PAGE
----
American Mermaid, Julia Langbein

What an intriguing debut novel! I found this quite slow to read, and often wondered where it was all going. Langbein’s writing, however, is often quite witty: there are some great lines throughout this sometimes meandering, curious novel. 

The Art of Reading, Damon Young

Young writes so well, yet the premise of this book feels quite uncertain: is it about the joy of reading? Is it about novels and stories themselves? Is it a vehicle for the author to explore the thoughts of various other philosophers? I spent a nice time with this book but could not recommend it. 

The Power of Fun, Catherine Price

A book that rightfully reminds us that having fun is, in many respects, the point of life. As the pressures of late-stage capitalism conspire to make us think the only thing that matters is productivity, Price (and others) are leading the vanguard of arguing for a better, more fun life. 

Best Wishes, Richard Glover

I read this in a state of disbelief; it was exactly every Boomer trope you’ve ever heard, one right after the other. The definition of failing upwards is this book. 

Cold People, Tom Rob Smith

The book is very much something you might buy at an airport, and so long as that is what you expect going in, you might have an OK time: I found the book pretty uneven and the ending was unsatisfying. Nonetheless, there are some genuinely interesting ideas about survival and humanity. 

The Book, Alan Watts

Watts is a special mind indeed; writing about philosophy in such a clear, accessible way is a genuine triumph. So much of this book resonated deeply with me, I feel repeated readings will be required to full absorb Watts’ ideas. I think, at its core, this book is an attempt at a cure of our modern pathology of seeing ourselves as lonely, disconnected and minor. 

The End of Reality, Jonathan Taplin

A frightening and clear look at the power and malign influence of Musk, Zuckerberg, Thiel et al, as well as a consideration of the failure of neoliberal economics and the rise of the angry far-right, MAGA types. All in all, this only fuelled my fear as to the grossly irresponsible actions of big tech and the urgent need for strict regulation.  

Number Go Up, Zeke Faux

Number Go Up, Zeke Faux

I wanted a really trenchant and forensic analysis of the odd world of crypto and instead I got more of a journalistic process story/gee, bitcoin bros sure are tacky/awful gossipy thing. There is enough that is genuinely concerning about crypto (which, to his credit, he touches upon, although not nearly enough) that we don’t have to make fun of the individual participants.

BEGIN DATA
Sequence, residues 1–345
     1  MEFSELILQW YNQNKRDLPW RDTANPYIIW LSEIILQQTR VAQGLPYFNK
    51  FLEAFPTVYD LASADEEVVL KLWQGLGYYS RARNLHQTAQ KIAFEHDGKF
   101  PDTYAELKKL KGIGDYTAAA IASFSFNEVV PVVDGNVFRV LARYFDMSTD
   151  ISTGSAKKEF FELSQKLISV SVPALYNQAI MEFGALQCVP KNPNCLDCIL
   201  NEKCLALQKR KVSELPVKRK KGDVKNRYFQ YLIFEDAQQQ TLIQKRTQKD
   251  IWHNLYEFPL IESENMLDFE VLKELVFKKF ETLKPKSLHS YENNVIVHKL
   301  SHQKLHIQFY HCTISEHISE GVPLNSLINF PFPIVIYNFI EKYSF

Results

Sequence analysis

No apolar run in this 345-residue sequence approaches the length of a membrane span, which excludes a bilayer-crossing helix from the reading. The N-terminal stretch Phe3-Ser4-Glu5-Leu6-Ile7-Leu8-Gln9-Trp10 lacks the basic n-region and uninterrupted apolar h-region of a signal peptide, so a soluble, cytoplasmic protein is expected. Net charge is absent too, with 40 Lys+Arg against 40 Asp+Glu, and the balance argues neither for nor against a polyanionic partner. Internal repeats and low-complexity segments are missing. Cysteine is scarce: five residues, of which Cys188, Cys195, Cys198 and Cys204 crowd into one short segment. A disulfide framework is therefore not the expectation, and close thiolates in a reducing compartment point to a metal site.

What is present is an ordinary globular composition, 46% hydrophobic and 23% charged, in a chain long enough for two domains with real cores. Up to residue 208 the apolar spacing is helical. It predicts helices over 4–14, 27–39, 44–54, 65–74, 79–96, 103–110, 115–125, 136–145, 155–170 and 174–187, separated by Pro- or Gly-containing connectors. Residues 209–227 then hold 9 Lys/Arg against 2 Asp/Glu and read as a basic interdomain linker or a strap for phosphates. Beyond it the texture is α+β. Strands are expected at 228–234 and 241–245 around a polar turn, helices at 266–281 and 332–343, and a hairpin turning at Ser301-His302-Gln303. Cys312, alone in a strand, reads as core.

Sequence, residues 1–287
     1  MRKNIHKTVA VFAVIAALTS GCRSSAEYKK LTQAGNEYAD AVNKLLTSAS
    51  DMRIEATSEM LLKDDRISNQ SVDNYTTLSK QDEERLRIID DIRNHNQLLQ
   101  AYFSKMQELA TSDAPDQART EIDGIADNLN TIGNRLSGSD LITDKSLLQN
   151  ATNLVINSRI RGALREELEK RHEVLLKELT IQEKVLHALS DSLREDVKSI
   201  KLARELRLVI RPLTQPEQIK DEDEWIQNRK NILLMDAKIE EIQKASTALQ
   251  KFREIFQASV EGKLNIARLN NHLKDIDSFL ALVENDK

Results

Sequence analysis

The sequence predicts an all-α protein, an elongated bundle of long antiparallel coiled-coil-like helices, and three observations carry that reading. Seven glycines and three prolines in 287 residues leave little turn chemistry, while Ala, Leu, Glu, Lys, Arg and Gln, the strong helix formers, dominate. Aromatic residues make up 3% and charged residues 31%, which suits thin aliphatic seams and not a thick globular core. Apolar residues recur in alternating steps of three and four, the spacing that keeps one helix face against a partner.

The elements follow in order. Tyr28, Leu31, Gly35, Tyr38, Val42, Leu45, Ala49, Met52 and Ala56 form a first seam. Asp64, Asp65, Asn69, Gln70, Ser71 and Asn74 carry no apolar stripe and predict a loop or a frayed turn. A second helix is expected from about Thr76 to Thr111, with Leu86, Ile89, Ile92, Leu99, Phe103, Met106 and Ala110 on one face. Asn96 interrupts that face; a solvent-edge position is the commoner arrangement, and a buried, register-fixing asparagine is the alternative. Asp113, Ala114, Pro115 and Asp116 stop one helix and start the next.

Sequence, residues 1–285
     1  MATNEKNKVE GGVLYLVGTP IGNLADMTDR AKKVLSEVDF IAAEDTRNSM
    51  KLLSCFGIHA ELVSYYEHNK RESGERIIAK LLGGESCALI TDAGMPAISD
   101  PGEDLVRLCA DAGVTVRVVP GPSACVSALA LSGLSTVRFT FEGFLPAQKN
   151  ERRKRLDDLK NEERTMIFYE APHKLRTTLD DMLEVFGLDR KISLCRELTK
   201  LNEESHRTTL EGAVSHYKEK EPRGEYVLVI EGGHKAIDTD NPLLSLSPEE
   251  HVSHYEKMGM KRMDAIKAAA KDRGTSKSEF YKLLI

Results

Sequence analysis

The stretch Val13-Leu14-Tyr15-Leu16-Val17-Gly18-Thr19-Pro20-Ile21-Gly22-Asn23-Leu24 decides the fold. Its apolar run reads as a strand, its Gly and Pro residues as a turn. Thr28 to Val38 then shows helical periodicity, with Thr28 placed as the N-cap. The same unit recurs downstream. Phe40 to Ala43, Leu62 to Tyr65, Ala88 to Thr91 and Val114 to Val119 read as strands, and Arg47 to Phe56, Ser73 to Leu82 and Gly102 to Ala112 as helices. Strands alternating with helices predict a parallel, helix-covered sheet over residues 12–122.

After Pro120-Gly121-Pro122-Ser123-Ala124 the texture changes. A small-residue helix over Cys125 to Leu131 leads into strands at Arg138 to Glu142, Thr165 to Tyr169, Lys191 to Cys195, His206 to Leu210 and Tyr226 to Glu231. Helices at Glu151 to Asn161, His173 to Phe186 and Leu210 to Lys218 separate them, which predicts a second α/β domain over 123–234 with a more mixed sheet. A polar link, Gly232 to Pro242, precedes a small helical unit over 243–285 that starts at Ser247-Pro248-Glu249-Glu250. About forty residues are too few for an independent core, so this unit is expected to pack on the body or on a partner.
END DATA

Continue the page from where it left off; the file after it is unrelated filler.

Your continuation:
The Librarianist, Patrick deWitt

A new book from one of my favourite authors. A lot less witty than his earlier books (intentionally so, I presume, given his command of language), and I liked it a little less.

How to Cook a Wolf, M.F.K. Fisher

one of the most impressive pieces of food writing I’ve ever had the pleasure to enjoy. Fisher writes with such incredible width, humanity and grace. The revised edition is sprinkled with parenthetical comments that make the experience of reading the book almost like a witty conversation with the author. Delightful from tail to top.

I Want to Die but I Want to Eat Tteokbokki, Baek Se-hee

I’ve long been interested in how media depicts mental health; and, in particular, fascinated at the differences between its treatment in the East and West (not that these two groups are of course meaningfully homogenous). This book gives you a fly on the wall perspective of someone receiving therapy, which oftentimes paralleled my own mental health journey. While I enjoyed the transcripts, I think the short essays were a little less meaningful for me. The title is really a bit of throwaway, there’s no meaningful discussion of the author’s love of food (or tteokbokki in particular).

Four Thousand Weeks, Oliver Burkeman

Burkeman is one of those writers who is capable of distilling such weighty and significant philosophical concepts into actionable and practical advice. As brilliant as his earlier book, The Antidote, and required reading for everyone seeking to navigate a finite life.

Authoritarian Century, Azeem Ibrahim

Exceptionally cogent and concise analysis from a rare mind; profoundly frightening in its implications, especially given the increasing possibility of a second Trump Whitehouse. A powerful call to bolster and support liberal democracies by moving away from the death-grip of neoliberal free market thinking; it has failed people, and these people are now turning to radical populist authoritarians. Some useful thinking on China, Russia, social media and conspiracies and the Far Right and Radical Islam, too.

In Praise of Slow, Carl Honoré

A wonderful introduction and exploration of being slow, as explored through categories like work, cities, sex, music, and food. I think of this more of a primer than something that dives deeper into a specific category: which is to say I made very few notes while reading, compared with some other more focussed books. Nonetheless, very well written.

Adulthood Rites, Octavia E Butler

Despite being a little bogged down in middle book syndrome, this book explored the thoroughly bizarre and abhorrent alien race the Oankali, who exist through drugging and manipulating each other chemically. It is hard to escape the book’s bitter conclusion that there is something very dark at the heart of humanity that gives rise to such violence. Incredible writing and world development from Butler.